Friday, March 14, 2008
Traditional art from China and Japan on view in New York
For a little while, it’s possible to be immersed in the traditional arts of China and Japan without ever leaving Manhattan. Two current exhibitions offer in-depth looks at Chinese scrolls and the Japanese paintings and woodcuts known as ukiyo-e (the name refers to ukiyo, or “floating world” of leisure and luxury during the 17th and 18th century, which these works depict in loving detail).
“Anatomy of a Masterpiece” is the Chinese scroll exhibition at the Metropolitan Museum of Art. The curator of this show, Maxwell K. Hearn, has provided photographic enlargements of details of these paintings, making them much more accessible and dramatic for the uninitiated visitor. Take a quick tour through some of these scroll paintings on the New York Times website.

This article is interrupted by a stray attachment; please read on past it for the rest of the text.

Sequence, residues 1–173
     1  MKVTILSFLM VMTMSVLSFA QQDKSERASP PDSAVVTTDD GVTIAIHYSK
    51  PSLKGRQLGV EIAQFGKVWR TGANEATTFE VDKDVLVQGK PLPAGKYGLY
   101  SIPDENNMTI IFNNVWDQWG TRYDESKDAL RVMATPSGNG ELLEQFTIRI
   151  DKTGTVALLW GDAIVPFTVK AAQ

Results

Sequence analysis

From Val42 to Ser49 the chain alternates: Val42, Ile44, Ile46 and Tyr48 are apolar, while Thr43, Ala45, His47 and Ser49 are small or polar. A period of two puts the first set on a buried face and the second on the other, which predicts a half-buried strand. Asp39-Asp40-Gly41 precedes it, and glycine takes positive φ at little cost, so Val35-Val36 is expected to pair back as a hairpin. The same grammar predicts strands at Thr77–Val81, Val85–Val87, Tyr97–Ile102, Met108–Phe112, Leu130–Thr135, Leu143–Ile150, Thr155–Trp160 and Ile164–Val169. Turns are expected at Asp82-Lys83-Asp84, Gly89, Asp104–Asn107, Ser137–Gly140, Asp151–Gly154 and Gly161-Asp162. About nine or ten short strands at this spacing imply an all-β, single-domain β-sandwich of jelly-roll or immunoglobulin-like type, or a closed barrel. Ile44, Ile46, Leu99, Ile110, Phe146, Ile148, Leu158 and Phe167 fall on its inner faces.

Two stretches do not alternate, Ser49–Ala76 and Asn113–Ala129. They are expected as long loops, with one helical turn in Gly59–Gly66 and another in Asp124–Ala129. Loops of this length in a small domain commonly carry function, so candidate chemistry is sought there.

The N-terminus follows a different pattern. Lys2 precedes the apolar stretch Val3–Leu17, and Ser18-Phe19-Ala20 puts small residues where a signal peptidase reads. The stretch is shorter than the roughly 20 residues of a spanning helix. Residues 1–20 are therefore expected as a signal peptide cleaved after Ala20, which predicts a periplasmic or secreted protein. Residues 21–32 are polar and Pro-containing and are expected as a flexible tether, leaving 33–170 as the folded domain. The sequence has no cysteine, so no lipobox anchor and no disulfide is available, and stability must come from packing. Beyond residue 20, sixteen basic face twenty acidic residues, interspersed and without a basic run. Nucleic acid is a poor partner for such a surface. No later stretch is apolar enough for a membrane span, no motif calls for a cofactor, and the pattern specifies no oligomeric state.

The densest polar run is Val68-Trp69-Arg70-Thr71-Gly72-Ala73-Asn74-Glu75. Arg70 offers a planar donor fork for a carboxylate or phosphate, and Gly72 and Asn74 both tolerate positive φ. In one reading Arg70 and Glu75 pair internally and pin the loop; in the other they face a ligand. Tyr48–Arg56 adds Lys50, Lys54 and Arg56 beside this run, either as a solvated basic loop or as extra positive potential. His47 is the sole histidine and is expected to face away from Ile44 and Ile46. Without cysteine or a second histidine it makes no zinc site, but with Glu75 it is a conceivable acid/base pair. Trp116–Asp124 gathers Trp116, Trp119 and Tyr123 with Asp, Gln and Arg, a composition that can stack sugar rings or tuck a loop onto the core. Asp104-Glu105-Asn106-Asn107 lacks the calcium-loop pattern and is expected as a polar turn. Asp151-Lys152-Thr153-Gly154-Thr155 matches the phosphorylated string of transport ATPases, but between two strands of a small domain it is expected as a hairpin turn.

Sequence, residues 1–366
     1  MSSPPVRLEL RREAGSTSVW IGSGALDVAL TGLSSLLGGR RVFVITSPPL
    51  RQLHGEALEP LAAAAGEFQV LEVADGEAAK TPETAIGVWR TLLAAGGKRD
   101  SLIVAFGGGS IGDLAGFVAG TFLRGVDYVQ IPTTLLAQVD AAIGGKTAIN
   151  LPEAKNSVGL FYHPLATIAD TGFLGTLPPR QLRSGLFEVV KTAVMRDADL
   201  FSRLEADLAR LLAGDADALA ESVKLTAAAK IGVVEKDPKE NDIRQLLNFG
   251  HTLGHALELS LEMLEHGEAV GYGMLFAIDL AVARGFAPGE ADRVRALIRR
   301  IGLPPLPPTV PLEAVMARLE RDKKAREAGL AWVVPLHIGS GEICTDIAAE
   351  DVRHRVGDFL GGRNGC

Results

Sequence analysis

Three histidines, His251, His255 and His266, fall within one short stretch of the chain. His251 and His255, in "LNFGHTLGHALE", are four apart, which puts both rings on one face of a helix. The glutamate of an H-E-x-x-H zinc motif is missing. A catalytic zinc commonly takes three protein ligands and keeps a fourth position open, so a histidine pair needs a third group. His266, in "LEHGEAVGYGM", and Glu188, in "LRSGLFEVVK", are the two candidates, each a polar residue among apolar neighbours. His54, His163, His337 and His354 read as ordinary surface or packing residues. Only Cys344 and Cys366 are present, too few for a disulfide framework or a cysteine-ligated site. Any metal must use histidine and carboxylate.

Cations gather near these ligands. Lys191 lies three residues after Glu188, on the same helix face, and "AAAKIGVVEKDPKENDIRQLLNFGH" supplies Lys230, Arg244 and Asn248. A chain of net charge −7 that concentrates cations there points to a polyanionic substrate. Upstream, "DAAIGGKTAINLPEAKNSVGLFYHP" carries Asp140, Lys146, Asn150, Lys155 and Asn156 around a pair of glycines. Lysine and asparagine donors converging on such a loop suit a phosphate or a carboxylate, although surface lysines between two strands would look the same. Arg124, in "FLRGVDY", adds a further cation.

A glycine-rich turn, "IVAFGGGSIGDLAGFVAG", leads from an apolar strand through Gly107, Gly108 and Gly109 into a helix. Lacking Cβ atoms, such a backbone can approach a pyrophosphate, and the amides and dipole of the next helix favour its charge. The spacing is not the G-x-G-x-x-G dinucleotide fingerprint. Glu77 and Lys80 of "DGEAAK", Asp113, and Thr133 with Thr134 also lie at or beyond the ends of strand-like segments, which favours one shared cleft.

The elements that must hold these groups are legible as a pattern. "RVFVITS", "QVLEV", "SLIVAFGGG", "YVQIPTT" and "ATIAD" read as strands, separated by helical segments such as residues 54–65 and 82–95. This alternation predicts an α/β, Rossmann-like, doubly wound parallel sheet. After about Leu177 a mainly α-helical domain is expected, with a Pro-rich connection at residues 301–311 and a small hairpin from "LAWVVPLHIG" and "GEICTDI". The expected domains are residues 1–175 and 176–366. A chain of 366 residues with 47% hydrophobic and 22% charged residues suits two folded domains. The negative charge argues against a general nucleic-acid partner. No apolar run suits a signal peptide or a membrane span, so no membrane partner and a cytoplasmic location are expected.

Meanwhile, over at the Asia Society, delicate paintings and woodcuts introduce us to a world of diversions and delights, populated by courtesans, actors, samurai, and celebrated beauties. This exhibition, “Designed for Pleasure: the Wolrd of Edo Japan in Prints and Paintings, 1680-1860”, is a window on an art form regarded by the Japanese as the predecessor to the current crazes, manga and anime.
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